According to the story, 1954 was dubbed “the year the Patino luck ran out” where the third generation of Patino’s were largely responsible for the woes brought to the family fortune.  But among all the woes and strife of the third generation, there seemed to be one who from among them that had escaped the rule of bad luck:  Maria Christina, daughter of Antenor and Christina Patino.  She was happily married (unlike her other relations) to Prince Marc de Beauvau-Craon, mayor of Haroue in France, and a prominent, respected member of French society.

Maria Christina’s only big sorrow, I believe, was at the time of her marriage, in 1952 — when her father refused to allow her mother to attend the elaborate wedding.  As for the rock-bottom bad  luck of 1954, it did not touch Maria Christinia, except by indirection, but it kept other members of the Patino empre aware that their inheritance is a dual one — of fortune and misfortune.  It is as though fate were trying belatedly to balance the scales again, after tipping them so heavily in favor of old Simon, whose story might have been dreamed up by Horatio Alger.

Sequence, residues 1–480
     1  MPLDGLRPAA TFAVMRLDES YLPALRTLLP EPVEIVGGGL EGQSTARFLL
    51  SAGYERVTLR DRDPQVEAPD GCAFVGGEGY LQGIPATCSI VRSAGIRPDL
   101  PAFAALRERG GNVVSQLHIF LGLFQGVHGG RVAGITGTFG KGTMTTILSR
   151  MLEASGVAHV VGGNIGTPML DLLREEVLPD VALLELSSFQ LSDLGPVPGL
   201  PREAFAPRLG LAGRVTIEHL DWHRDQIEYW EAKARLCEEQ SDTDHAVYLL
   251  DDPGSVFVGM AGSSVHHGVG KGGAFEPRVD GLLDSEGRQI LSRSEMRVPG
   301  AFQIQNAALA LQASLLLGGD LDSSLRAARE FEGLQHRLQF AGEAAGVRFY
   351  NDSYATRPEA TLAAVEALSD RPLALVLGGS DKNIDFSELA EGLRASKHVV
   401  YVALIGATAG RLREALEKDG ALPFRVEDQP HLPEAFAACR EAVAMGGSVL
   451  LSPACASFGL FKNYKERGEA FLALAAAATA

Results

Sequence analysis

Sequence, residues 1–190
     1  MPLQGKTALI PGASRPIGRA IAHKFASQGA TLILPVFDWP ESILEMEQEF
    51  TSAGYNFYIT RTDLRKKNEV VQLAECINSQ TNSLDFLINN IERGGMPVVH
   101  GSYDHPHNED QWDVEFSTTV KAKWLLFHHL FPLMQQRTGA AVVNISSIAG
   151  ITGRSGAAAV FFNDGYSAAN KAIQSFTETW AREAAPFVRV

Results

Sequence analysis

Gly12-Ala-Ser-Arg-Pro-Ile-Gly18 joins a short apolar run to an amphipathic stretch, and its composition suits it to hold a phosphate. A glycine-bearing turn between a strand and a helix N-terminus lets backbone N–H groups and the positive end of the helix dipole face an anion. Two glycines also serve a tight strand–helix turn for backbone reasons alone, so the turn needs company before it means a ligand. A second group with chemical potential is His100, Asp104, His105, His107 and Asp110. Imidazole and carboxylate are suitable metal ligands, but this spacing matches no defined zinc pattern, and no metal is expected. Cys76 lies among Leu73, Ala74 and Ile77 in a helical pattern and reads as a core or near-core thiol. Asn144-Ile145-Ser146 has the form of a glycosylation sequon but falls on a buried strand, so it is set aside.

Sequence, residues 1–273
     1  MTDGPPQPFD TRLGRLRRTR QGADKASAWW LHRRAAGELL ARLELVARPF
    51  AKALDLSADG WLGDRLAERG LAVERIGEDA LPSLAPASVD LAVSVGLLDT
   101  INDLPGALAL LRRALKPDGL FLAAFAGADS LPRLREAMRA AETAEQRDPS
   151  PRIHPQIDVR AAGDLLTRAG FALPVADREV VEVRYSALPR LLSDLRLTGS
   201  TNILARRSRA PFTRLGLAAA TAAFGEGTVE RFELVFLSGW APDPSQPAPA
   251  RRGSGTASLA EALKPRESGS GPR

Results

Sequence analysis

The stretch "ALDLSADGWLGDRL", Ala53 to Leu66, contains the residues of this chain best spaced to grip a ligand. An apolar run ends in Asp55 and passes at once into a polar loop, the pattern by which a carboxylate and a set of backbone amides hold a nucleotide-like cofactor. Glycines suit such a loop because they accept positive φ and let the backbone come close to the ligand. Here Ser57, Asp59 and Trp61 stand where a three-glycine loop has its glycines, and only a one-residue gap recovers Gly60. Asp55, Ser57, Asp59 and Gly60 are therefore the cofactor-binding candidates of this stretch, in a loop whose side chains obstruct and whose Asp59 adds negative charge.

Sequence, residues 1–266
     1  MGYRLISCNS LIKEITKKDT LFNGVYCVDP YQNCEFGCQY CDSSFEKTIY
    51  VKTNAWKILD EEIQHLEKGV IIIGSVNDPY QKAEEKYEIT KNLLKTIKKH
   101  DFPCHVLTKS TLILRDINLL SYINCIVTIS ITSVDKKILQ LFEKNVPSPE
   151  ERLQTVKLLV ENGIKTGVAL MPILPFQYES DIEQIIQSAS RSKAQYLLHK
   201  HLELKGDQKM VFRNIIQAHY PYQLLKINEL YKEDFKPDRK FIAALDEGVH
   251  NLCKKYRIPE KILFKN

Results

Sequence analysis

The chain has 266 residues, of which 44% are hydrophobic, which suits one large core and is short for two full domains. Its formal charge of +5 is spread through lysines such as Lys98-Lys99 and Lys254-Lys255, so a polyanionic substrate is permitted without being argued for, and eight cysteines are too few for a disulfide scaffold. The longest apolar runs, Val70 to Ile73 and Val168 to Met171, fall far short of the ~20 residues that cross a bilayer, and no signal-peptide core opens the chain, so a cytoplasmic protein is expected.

The Sunday Morning Star newspaper in Wilmington, Delaware published an article by Stuart P. West in the March 27, 1921 edition that talked about the cuts western railroads made without reducing wages.  The headline read, “Optimists Believe Price Cutting Has Reached Rock Bottom” and this was part of the news story:

It cannot be expected that wages and other items of expense will be reduced sufficiently to counterbalance the slump in orders.  Still the shrinkage in gross earnings would be viewed with equanimity if manufacturing and production costs were at the same time being restored to a sound and normal basis.  As to the ability of the heads of American industry to accomplish this result there is certainly more ground for optimism than for pessimism.  Outside the railroads, wage reduction have been put into effect almost everywhere without friction.

Jumping back to 1884, the idiom rock bottom was already in use in magazines, catalogues and newspapers as well as in everyday language.  The front page of the Charles Stark catalogue has the idiom printed on its front cover to entice readers to buy from Charles Stark of Toronto, Ontario (Canada).